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    The cancer cell fraction (CCF), or proportion of cancerous cells in a tumor containing a single-nucleotide variant (SNV), is a fundamental statistic used to quantify tumor heterogeneity and evolution. Existing CCF estimation methods from bulk DNA sequencing data assume that every cell with an SNV contains the same number of copies of the SNV. This assumption is unrealistic in tumors with copy-number aberrations that alter SNV multiplicities. Furthermore, the CCF does not account for SNV losses due to copy-number aberrations, confounding downstream phylogenetic analyses. We introduce DeCiFer, an algorithm that overcomes these limitations by clustering SNVs using a novel statistic, the descendant cell fraction (DCF). The DCF quantifies both the prevalence of an SNV at the present time and its past evolutionary history using an evolutionary model that allows mutation losses. We show that DeCiFer yields more parsimonious reconstructions of tumor evolution than previously reported for 49 prostate cancer samples.Copyright © 2021 Elsevier Inc. All rights reserved.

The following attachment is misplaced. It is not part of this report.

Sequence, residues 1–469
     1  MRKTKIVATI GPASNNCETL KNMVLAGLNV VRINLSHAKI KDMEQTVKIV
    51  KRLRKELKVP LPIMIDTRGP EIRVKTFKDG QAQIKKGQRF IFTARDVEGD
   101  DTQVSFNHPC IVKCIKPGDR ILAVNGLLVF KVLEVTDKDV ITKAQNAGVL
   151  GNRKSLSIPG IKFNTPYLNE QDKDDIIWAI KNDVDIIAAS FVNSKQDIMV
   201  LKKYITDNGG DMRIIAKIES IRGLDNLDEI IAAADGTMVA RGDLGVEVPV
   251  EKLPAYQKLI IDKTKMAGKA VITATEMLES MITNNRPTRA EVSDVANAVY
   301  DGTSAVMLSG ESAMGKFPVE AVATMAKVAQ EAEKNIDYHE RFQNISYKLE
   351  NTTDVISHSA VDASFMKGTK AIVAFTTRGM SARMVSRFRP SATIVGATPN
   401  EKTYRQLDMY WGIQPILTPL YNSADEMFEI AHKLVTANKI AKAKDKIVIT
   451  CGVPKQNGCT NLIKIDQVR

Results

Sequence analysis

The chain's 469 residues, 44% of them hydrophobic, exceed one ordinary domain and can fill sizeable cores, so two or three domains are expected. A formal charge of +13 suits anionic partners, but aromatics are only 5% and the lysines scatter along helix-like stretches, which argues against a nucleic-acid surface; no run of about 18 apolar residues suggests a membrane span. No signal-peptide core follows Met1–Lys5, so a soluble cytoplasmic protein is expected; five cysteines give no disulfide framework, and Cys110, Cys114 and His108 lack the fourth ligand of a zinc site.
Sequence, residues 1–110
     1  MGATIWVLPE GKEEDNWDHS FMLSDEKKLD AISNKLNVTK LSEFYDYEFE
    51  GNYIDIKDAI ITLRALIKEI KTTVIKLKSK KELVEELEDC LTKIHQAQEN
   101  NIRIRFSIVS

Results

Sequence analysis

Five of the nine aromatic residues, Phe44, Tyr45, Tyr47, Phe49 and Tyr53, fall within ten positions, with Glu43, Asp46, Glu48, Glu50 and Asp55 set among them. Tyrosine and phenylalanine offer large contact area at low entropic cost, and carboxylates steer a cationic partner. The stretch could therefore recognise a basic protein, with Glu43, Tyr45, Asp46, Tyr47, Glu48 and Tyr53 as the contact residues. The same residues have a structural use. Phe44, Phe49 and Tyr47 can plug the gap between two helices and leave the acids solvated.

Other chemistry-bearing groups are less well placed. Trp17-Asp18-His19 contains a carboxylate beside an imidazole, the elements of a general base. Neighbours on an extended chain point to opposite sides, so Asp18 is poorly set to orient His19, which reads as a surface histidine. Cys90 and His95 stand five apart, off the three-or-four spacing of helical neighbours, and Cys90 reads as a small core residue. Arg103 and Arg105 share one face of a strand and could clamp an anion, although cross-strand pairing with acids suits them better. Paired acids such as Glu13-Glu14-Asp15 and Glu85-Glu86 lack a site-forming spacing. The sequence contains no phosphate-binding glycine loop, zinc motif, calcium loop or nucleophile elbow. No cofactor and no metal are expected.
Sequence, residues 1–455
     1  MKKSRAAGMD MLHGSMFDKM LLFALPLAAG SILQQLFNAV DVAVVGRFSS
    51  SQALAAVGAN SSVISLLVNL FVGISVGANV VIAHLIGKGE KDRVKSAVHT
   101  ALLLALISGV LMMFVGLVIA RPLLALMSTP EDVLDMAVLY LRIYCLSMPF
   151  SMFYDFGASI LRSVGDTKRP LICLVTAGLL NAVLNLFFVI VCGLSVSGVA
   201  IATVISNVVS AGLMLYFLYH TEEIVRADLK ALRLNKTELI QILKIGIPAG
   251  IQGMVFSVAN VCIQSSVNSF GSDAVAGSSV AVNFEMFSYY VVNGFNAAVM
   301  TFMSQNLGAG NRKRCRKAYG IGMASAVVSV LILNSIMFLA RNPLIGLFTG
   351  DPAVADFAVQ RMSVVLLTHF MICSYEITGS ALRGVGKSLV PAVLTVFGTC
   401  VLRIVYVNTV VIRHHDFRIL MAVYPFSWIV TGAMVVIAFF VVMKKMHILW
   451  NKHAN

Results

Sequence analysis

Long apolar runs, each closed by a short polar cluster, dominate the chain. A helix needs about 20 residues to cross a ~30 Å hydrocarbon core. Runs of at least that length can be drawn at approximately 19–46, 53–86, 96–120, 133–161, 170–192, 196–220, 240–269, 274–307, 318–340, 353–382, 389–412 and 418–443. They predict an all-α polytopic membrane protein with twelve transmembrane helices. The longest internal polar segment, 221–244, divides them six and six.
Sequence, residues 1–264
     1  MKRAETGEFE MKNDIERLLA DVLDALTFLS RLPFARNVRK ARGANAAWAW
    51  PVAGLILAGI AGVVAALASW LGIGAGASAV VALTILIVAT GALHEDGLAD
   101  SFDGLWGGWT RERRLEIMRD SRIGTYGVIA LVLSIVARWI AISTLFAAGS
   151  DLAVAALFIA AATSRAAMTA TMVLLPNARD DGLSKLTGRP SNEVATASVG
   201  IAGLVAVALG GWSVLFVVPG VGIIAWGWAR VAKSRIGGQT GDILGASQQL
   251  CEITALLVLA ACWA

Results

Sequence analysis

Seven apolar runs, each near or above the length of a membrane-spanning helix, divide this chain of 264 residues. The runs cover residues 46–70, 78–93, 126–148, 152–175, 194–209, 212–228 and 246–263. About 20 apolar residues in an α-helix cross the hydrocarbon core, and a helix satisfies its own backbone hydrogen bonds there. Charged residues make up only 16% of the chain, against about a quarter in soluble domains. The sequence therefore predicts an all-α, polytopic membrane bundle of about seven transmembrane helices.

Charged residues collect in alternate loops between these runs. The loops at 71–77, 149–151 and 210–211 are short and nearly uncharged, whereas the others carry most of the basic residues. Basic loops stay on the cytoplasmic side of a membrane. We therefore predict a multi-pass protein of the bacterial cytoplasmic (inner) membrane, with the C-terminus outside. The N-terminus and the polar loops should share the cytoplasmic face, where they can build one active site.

Citation

    Gryte Satas, Simone Zaccaria, Mohammed El-Kebir, Benjamin J Raphael. DeCiFering the elusive cancer cell fraction in tumor heterogeneity and evolution. Cell systems. 2021 Aug 17


    PMID: 34416171

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